Sanctuary ATC’s CEO, Josh Weaver, said, “We’re really excited. We’ve been able to talk to a lot of the patients over the last few months, and we knew it was vital to open as fast as we could.”
New Hampshire medical marijuana patients must select and register with only one dispensary. The state can approve a dispensary change if it is requested with valid reasoning. More dispensaries are expected to open throughout the summer.
Medical marijuana has become a viable alternative for chronic pain management and many people across the country are using it to replace prescription painkillers. Thanks to states where medical marijuana is legalized, usage and overdose rates from opioids have dropped drastically.
Death records from a period of 1999 – 2010 were analyzed in states where medical marijuana is legal. The data collected found that these states had a 25 percent decrease in opioid-induced overdoses, according to SF Gate. The study was posted in the Journal of the American Medical Association. Overdose numbers are still high in most states without medical marijuana.
“Examination of the association between medical cannabisand opioid analgesic overdose mortality in each year after implementation of the showed that such laws were associated with a lower rate of overdose mortality that generally strengthened over time,” said the study’s lead researcher and author, Marcus Bachhuber, MD.
Colleen Barry said, “… if the opioid crisis has taught us anything, it should be that careful regulation, stringent oversight and ongoing evaluation are all absolutely essentially to establishing an environment that protects the public’s health.”
The Centers for Disease Control and Prevention acknowledge that medical marijuana is a safer alternative. The CDC said, “Clinicians should not test for substances for which results would not affectmanagement or for which implications for patient management are unclear. For example, experts noted that there might be uncertainty about the clinical implications of a positive urine drug test for tetrahydrocannabinol (THC).”
Opioid overdoses have become an epidemic in the United States. Recently, medical marijuana has started to become a safe and natural replacement for peoples’ pharmaceuticals.
Laremy Tunsil, a University of Mississippi offensive tackle, was favored to be the #1 pick of the 2016 NFL draft on Thursday night. But roughly 10 minutes before the draft was to start, a video of him hitting a bong was posted to his Twitter account.
Tunsil’s Twitter account was hacked, as well as his Instagram account, according to reports from CNN. On his Instagram account, the hacker posted a conversation between Tunsil and an Ole Miss Athletics department member regarding an NCAA-violating exchange of money for Tunsil’s mother’s utility bill.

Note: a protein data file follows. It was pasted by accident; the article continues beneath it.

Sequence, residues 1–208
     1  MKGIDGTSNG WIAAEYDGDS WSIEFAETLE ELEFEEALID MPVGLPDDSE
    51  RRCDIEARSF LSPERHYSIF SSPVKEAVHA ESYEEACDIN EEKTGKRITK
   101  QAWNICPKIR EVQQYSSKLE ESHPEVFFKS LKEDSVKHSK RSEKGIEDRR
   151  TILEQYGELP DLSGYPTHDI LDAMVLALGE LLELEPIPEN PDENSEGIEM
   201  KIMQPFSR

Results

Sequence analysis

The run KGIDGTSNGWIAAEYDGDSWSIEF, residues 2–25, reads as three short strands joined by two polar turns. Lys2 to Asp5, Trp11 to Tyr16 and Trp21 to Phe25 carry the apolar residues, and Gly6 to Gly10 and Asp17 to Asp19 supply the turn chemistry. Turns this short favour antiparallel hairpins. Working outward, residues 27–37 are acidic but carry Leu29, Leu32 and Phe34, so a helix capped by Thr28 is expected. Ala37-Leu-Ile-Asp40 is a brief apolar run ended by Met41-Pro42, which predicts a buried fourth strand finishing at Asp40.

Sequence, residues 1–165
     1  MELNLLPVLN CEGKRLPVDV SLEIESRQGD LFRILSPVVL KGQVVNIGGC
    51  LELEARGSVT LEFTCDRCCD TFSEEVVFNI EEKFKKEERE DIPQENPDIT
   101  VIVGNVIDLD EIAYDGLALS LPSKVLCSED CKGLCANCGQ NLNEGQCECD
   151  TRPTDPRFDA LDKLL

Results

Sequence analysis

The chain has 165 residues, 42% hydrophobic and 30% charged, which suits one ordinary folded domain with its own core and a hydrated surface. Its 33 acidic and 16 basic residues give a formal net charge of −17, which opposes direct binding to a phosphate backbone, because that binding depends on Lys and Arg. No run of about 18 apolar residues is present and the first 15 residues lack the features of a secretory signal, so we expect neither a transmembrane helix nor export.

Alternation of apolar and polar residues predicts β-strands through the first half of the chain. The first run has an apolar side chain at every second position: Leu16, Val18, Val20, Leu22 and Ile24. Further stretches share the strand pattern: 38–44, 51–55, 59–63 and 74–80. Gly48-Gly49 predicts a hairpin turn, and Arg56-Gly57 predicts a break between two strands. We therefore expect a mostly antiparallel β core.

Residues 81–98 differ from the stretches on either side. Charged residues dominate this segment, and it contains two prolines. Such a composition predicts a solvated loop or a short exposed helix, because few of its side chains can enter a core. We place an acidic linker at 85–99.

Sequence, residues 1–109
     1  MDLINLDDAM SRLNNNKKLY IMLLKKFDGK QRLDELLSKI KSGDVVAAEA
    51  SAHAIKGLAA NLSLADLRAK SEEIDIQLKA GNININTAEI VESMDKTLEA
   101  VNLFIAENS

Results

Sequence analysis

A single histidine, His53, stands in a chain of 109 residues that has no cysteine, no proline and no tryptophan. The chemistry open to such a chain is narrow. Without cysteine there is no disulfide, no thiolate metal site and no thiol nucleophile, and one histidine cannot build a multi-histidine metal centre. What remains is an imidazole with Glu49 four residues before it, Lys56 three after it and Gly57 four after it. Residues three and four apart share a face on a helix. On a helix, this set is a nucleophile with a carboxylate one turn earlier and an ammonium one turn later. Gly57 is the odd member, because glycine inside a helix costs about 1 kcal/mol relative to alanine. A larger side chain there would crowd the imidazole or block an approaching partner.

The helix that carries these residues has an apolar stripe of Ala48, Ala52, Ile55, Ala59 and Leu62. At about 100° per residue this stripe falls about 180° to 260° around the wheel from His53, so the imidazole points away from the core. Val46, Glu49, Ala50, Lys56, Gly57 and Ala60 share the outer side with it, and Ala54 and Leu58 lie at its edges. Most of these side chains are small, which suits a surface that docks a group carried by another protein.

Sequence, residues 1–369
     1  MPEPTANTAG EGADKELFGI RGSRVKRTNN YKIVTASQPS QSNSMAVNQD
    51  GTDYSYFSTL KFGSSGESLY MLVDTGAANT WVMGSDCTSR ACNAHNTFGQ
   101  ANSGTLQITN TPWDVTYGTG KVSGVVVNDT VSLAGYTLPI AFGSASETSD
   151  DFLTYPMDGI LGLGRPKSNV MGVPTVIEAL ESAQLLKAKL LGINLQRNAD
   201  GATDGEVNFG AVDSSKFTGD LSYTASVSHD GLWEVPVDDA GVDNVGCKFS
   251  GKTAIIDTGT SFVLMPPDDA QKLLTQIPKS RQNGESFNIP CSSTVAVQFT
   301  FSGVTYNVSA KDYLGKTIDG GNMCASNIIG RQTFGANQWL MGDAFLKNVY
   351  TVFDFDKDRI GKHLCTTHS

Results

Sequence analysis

Because of the Twitter video, Tunsil was picked 13th by the Miami Dolphins. The difference in pay from the 3rd pick and 13th pick in the 2016 NFL draft was $12.11 million in salary and another $8.75 million as a signing bonus.
In response to the Twitter video, Tunsil said, “Man, it was a mistake. It happened years ago. Someone had my Twitter account and that’s how it got on there.”
Tunsil acknowledged the posts and said, “I made a mistake. That happened.”
Hawaii has selected the eight companies that will be awarded medical marijuanalicenses. The Hawaii State Department of Health (DOH) will award three licenses for the City and County of Honolulu, two licenses each for the Counties of Hawaii and Maui, and one dispensary license for the County of Kauai.
Licensed Hawaii dispensaries may begin dispensing marijuana no sooner than July 15, 2016, and must get approval from the DOH. Each dispensary licensee may operate up to two cultivation centers and two retail dispensing locations within the county they are licensed to serve.
The selected applicants are required to pay a licensing fee of $75,000 to the DOH within seven days of receiving their written notice of selection to be awarded a dispensary license. If the application fee is not paid by close of business on the seventh day, the selected applicant will be disqualified and the DOH will select the next highest scoring applicant for the county.
Actor and marijuana advocate Woody Harrelson’s company, Simply Organic Living, was not awarded a Hawaii dispensary license, which was filed in Honolulu County.
“Upon the completion of the selection process and the awarding of licenses, the Department of Health will begin working with the selected licensees to ensure the safety of their products, and the safety of patients and the public,” said State Health Director Dr. Virginia Pressler. “We look forward to improving access to marijuana for registered patients who have medical needs, and increasing educational opportunities for healthcare professionals.”
The applicants that have been selected for dispensary licenses are: